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Insurance Regulator Seeks to Allow Competition Among Auto Insurers

Sep 20, 2007

By Sarah Shemkus, Cape Cod Times, Hyannis, Mass.

Sep. 21--BOSTON -- State Insurance Commissioner Nonnie Burnes wasn't sure yesterday how much she pays to insure her car.

And, because Massachusetts currently has a non-competitive auto insurance market, she's also not sure whether she's getting a good deal or not.

"I don't know," Burnes said. "I can't shop for it."

In August, Burnes proposed a system intended to rectify that situation by introducing managed competition into the state's auto insurance market.

Currently, the commissioner sets an auto insurance rate -- using input from insurers and other concerned parties -- and that rate is the maximum allowed in the state. Massachusetts is the only state with such a system.

Yesterday, close to 200 people gathered to hear testimony on draft regulations that would help change that system. The crowd filled two hearing rooms and overflowed into a waiting area where attendees could watch the proceedings on a television screen.

Many of the dozen consumer advocates, legal experts and insurance industry members who testified expressed concern that the proposed rules don't go far enough toward preventing insurers from considering a driver's social or economic status when determining rates.

As currently written, the new regulations prohibit the use of sex, marital status, race, creed, national origin, religion, occupation, income, education, home ownership, and age in the setting of rates.

Several speakers, however, suggested that insurance companies could still learn about an individual's earnings or social condition by considering other factors such as number of bank accounts, political and charitable contributions, or whether a vehicle is parked overnight on a street or in a garage.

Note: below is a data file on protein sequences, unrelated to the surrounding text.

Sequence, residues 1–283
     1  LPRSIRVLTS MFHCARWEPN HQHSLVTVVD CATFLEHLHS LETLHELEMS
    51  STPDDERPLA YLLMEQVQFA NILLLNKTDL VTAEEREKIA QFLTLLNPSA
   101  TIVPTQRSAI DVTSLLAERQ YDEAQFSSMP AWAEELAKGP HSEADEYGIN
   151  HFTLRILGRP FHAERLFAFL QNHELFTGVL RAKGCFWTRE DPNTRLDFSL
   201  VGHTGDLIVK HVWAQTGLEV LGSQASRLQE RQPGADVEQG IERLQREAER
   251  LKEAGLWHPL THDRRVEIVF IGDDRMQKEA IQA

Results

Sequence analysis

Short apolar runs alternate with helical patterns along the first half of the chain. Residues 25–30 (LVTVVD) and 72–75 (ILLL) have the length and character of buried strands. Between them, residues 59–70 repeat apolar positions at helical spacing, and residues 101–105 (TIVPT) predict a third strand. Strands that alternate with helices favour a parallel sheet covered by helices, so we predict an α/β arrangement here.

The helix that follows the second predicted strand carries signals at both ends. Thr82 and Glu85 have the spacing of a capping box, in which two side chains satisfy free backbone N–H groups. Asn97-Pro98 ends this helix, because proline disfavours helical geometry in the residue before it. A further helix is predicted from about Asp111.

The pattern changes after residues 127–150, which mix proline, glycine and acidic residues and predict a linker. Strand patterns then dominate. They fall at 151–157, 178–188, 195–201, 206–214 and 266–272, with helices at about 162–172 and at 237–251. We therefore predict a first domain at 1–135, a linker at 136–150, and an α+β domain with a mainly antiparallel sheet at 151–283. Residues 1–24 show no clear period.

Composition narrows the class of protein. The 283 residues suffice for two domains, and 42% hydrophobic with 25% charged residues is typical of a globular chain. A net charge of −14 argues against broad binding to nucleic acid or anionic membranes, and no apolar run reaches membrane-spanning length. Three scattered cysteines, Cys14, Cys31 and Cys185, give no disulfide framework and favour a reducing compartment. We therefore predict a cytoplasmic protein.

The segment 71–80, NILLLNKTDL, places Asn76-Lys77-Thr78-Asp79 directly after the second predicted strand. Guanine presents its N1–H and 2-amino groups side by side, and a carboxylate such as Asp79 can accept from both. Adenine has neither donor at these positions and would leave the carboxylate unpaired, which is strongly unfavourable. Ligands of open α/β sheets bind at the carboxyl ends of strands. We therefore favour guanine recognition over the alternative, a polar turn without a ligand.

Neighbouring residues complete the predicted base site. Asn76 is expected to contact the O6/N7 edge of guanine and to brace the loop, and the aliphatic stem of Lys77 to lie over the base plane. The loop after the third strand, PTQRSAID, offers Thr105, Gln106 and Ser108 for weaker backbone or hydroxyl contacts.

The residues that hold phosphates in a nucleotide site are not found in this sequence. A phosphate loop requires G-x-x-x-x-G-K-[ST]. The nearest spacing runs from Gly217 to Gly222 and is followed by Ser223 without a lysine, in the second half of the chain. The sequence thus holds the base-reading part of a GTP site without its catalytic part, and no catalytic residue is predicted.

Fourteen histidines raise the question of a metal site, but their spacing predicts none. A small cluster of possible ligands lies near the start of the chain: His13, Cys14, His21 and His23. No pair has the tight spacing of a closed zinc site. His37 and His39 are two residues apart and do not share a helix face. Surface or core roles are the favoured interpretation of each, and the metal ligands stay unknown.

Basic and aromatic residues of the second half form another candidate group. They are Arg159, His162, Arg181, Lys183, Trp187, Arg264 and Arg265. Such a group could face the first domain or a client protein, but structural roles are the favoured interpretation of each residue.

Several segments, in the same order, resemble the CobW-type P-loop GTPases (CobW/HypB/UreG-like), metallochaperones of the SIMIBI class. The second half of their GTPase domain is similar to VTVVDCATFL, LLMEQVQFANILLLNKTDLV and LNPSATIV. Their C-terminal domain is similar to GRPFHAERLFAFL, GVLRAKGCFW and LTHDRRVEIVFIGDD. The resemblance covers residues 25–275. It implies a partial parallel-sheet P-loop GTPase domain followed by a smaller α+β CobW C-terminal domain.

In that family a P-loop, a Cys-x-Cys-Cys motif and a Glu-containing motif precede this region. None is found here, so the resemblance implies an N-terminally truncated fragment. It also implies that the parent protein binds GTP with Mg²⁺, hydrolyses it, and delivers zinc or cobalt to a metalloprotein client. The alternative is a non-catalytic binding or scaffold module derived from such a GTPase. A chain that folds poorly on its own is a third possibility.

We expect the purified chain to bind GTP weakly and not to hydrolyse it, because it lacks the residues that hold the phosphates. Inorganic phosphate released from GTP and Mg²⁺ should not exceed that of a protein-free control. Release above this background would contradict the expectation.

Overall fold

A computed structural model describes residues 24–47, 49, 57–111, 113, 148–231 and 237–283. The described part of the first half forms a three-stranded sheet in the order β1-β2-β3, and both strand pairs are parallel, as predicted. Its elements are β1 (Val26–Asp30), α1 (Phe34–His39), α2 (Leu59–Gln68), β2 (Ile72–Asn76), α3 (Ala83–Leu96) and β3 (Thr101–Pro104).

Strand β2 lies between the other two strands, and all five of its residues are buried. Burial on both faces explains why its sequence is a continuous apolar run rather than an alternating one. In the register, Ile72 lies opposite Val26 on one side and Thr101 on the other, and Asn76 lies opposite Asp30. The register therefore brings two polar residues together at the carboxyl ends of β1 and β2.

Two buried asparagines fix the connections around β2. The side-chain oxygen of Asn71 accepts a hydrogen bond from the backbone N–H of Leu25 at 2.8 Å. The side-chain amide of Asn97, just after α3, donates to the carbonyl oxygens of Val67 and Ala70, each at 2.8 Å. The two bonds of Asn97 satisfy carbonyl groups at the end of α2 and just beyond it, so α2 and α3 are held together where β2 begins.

This information could allow insurance companies to charge higher rates or to refuse coverage to lower income drivers.

"Low-income consumers should have the same access to (insurance) as more affluent consumers," said Birny Birnbaum, the executive director of the Center for Economic Justice, a national consumer advocacy group based in Austin, Texas.

Multiple witnesses recommended changing the way the guidelines are worded so that regulations name those factors that can be used, rather than those that cannot.

"Listing all the allowed factors is the only effective way to ban the factors listed in the regulations," said Stephen D'Amato, a consultant with the Cambridge-based Center for Insurance Research.

Such an approach, Burnes said, could prevent insurers from developing inventive new products.

"To really get the benefit to consumers, we have to give the companies some flexibility," she said, following the hearing. "It doesn't mean we're not going to be tracking what's going on."

The appropriate use of credit scores was another issue raised.

The proposed regulations prohibit the use of credit scores in setting auto insurance rates for one year. By state statute, however, credit information can still be used by insurance companies to determine whether or not to underwrite a policy, Burnes said.

Currently, drivers who are deemed too high-risk are insured through the assigned risk pool, in which the customer is assigned to an insurer.

Witnesses, including a representative from the state attorney general's office, argued that credit scores should never be used because they do not accurately predict whether a driver is likely to pose a risk to the insurance company.

"I am convinced that it is inherently unfair and arbitrary and defeats the public policy goals of insurance," said Birnbaum, who cited studies that he said showed lower credit scores are often correlated to race and income.

The transparency of the rate-setting process was also a high priority for many of the witnesses.

"At the very minimum, you must require insurers to file and disclose their underwriting factors," said Deirdre Cummings, legislative director for MASSPIRG.

Burnes will now consider the feedback on the regulations as proposed and issue the final rules, likely some time in October.

The new regulations are intended to take effect April 1, 2008.

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To see more of the Cape Cod Times, or to subscribe to the newspaper, go to http://www.capecodonline.com/cctimes.

Copyright (c) 2007, Cape Cod Times, Hyannis, Mass.

Distributed by McClatchy-Tribune Information Services.

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